News / USA

US Lawmakers Leave Town With Little Progress on 'Fiscal Cliff' Talks

Cindy SaineMichael Bowman
Republican leaders of the U.S. House of Representatives have announced that House members are leaving town for a long weekend break, with less than four weeks until some $600 billion in automatic spending cuts and tax hikes, known as the fiscal cliff, go into effect, unless Congress and the president come to an agreement.  
 
Across the United States, the focus is on Washington and whether Democratic President Barack Obama and the Republican-controlled House will be able to reach an agreement to avoid the fiscal cliff before the end of the year.  Economists say that if tax cuts expire and major government spending cuts occur, it could send the U.S. economy into recession.
 
On Wednesday, House Majority Leader Eric Cantor announced that many House members will be leaving town until next Tuesday.  Asked by a reporter why House members are leaving Washington with so much work left to do, Republican Speaker John Boehner said he wants President Obama to contact him for more negotiations.
 
"I'll be here, and I will be available at any moment to sit down with the president to get serious about solving this problem," he said. 
 
Daniel Newhauser of the publication Roll Call, which covers Washington politics, says Republican leaders might be eager to get their members out of the media spotlight for a few days.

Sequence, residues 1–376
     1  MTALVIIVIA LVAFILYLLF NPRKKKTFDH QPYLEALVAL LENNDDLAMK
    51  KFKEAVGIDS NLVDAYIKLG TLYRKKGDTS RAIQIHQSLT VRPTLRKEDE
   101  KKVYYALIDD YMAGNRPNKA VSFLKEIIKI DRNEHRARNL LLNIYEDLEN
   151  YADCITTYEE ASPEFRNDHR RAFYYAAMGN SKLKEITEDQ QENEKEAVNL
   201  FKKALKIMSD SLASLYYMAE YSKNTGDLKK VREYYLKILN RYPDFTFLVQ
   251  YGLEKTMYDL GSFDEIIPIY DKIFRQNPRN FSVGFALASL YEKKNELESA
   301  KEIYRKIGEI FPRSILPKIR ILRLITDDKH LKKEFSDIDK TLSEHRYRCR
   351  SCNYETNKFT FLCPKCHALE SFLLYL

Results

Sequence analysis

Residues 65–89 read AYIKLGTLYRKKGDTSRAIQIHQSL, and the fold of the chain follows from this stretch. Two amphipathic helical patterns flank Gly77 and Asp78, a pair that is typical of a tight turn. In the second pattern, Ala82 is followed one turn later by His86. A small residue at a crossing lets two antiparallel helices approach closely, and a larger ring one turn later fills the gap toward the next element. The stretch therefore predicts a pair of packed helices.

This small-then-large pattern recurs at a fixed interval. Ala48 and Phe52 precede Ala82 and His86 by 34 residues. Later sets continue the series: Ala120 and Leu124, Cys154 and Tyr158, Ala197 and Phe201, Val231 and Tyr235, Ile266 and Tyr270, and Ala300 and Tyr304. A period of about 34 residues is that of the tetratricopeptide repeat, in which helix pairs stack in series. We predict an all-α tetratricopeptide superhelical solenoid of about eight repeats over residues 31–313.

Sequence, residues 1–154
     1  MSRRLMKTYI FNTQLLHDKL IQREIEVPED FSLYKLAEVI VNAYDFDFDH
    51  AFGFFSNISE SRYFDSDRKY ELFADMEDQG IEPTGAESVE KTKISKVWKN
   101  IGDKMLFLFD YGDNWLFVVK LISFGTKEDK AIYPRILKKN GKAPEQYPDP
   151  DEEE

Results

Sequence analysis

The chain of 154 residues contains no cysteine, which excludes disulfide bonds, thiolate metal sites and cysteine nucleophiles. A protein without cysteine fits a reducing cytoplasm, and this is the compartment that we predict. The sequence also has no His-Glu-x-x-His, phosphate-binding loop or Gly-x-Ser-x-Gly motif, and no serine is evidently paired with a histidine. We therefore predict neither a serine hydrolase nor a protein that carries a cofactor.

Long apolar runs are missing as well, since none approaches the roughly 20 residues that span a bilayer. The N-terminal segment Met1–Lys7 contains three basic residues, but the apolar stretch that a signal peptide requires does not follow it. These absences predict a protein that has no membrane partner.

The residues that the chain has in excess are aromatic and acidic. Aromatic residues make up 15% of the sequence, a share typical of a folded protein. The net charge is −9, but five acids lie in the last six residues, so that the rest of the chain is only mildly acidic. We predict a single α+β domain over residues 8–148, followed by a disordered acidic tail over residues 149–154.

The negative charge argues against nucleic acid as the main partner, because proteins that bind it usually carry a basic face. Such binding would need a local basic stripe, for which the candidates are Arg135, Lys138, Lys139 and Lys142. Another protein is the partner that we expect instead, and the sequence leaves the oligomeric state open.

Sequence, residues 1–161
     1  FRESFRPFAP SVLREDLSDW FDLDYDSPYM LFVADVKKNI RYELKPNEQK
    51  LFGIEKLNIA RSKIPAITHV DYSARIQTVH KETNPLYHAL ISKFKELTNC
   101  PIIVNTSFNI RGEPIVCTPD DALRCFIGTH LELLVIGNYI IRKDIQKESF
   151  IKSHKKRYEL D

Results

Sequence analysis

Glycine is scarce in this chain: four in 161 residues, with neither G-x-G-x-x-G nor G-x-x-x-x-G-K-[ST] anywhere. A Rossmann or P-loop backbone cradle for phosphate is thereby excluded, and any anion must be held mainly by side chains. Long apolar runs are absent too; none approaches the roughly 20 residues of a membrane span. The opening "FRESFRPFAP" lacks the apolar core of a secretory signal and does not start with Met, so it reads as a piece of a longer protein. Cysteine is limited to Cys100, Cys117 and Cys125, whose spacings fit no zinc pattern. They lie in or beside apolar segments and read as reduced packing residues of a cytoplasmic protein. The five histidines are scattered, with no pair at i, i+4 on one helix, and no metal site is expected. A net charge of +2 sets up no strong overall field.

"Everybody recognizes that negotiations need to move behind closed doors at this point.  There is no sense having every member of the House out there talking to the press and giving their own theories about what needs to be done, when everybody knows it is going to have to be Speaker John Boehner and President Barack Obama really striking this deal," he said. 

Congress already has a record low public approval rating, with fewer than 15 percent of voters satisfied with lawmakers' performance.  And leaving town at a critical time, analysts say, will not likely help.
 
But Newhauser says House members leaving town a day early will not likely matter.
 
"I don't think that it is going to make all the difference in these negotiations when we are talking about tax rates expiring for every American, we are talking about the debt limit perhaps not being raised, if we can't find spending cuts to equal the debt limit raise," he said. 
 
House Majority Leader Cantor also announced that House members will be staying in town longer this year than originally planned, through the Christmas holiday, if necessary, to try to reach an agreement on taxes and spending.
 
"Members are further reminded that the House will not adjourn the 112th Congress until a credible resolution to the fiscal cliff has been found," he said. 
 
Republican congressional aides say that for now, negotiations are at a standstill and that there are no talks between the White House and House Republicans. 

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